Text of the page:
And it gets even more like a family gathering gone wrong when Edith is brooding in a corner and Mary tells her, “Cheer up. You’re putting quite the damper on the evening.”
Thomas decides this is the perfect moment to tell Cora all about Baxter’s past. But Cora tells him she knows exactly what he’s up to and he may not have a future at Downton.
Miss Bunting insists on saying goodnight to the servants. Daisy is amazed by her book learning. Is this season going to be Educating Daisy? Because that would be AWESOME. Later, Tom and Robert have a moment together in which Tom assures Robert he won’t become a “hater” again, and bros before hos.
Cora tries to get the rest of Baxter’s story. But she won’t say much. (You know she was doing it for some bounder.) Cora tells her she’s not ready to make a decision about whether or not she can stay–which is rich people for “It’s hard to get good help now that the poor have other options.”
Downstairs, Carson tells Mosley, “I do not know why you have treated your hair with a special substance, but I can only say the effect on your appearance is not what you would have it. Take steps, Mr. Mosley, take steps!” This may be the line that changes everything, the next “He’s not that into you.” Ever wonder why you didn’t get the promotion? Maybe those pajamas you thought were “edgy” office attire, weren’t. Perhaps the effect on your appearance was not what you would have it. If only they’d told you instead of just giving you the severance package. You could have taken steps!
Back upstairs, Edith is still miserable because that’s her thing. She’s in bed reading a book that belonged to Gregson. She throws it down and doesn’t notice it knocked something out of the fireplace. (That something was fire.) Oops!
Thomas and James are loitering in the hallway. James is going to Lady Anthrax’s bedroom because Thomas has advised them this is the course of action least likely to cause trouble. Thomas will be the lookout. They notice Tony going into Mary’s room. Better be careful, Tony. The last man who tried that died in Mary’s bed. Tony does not attempt to sex her up. Instead he proposes he and Mary go away and become lovers so she can be “sure” before she becomes Mrs. Lady Tony. She acts shocked, which seems strange given she was hinting pretty clearly at something like this. But that’s Mary. What does she say? “No one must ever find out.”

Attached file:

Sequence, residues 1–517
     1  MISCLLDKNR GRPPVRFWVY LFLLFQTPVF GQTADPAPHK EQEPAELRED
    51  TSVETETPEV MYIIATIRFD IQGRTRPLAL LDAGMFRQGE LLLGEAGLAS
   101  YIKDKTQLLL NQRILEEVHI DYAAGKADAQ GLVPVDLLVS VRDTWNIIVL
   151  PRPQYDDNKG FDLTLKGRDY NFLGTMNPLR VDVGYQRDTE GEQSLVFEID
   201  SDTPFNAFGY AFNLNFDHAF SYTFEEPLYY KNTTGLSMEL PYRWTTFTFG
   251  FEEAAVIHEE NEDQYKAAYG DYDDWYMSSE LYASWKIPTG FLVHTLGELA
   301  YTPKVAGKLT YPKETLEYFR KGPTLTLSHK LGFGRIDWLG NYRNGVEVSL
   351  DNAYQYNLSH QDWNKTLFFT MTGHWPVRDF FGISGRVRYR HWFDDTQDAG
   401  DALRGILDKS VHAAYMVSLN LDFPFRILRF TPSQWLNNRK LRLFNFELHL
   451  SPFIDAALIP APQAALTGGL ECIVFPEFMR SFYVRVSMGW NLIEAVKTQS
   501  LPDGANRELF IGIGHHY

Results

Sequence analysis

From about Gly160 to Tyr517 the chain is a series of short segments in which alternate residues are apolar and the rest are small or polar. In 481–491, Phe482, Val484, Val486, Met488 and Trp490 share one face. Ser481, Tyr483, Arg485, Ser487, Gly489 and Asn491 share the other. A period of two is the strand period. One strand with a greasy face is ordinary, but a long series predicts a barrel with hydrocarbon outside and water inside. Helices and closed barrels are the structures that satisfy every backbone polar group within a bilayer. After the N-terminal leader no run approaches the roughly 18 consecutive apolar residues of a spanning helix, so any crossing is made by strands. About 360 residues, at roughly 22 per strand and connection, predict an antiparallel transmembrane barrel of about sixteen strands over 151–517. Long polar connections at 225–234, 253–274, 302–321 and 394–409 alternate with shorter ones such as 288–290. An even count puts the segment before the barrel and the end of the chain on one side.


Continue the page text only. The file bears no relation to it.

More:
Still in the hallway, Thomas notices smoke coming out of Edith’s room. He bursts in and carries her from the bed while yelling loudly enough to rouse Robert.
As Thomas carries Edith outside to get air and Tom gets the children out of the nursery, Robert knocks on doors warning the guests to get out. He bursts in on James and Lady Anthrax in bed.
Cora is so grateful to Thomas for saving her daughter’s life that she tells him he’s definitely not fired.
The fire brigade arrives quickly, and the blaze is put out. The damage is mostly to Edith’s room, so everyone is going back to the house. Anna runs over from the cottage. How does Mary describe the fire? “Lady Edith decided to set fire to her room. But we’re fine.” And you thought you had sibling issues?
Lady Anthrax tells Robert she’ll be “sneaking out” before breakfast. Robert tells Carson that James is totally fired but will get a good reference to avoid “talk.”
Farmer Tim is one of the firemen, and Edith goes over to talk to him about the Marigold situation because that won’t look suspicious at all! Looks like Mrs Hughes may have overheard something.
So Mary and Tony may be doing it soon. This business with Edith and her daughter can’t end well. The Green murder is still hovering over the Bateses. Daisy is trying to improve herself, and Isabel may be moving up socially. Not exactly a cliffhanger, but then again it’s Downton, not Scandal.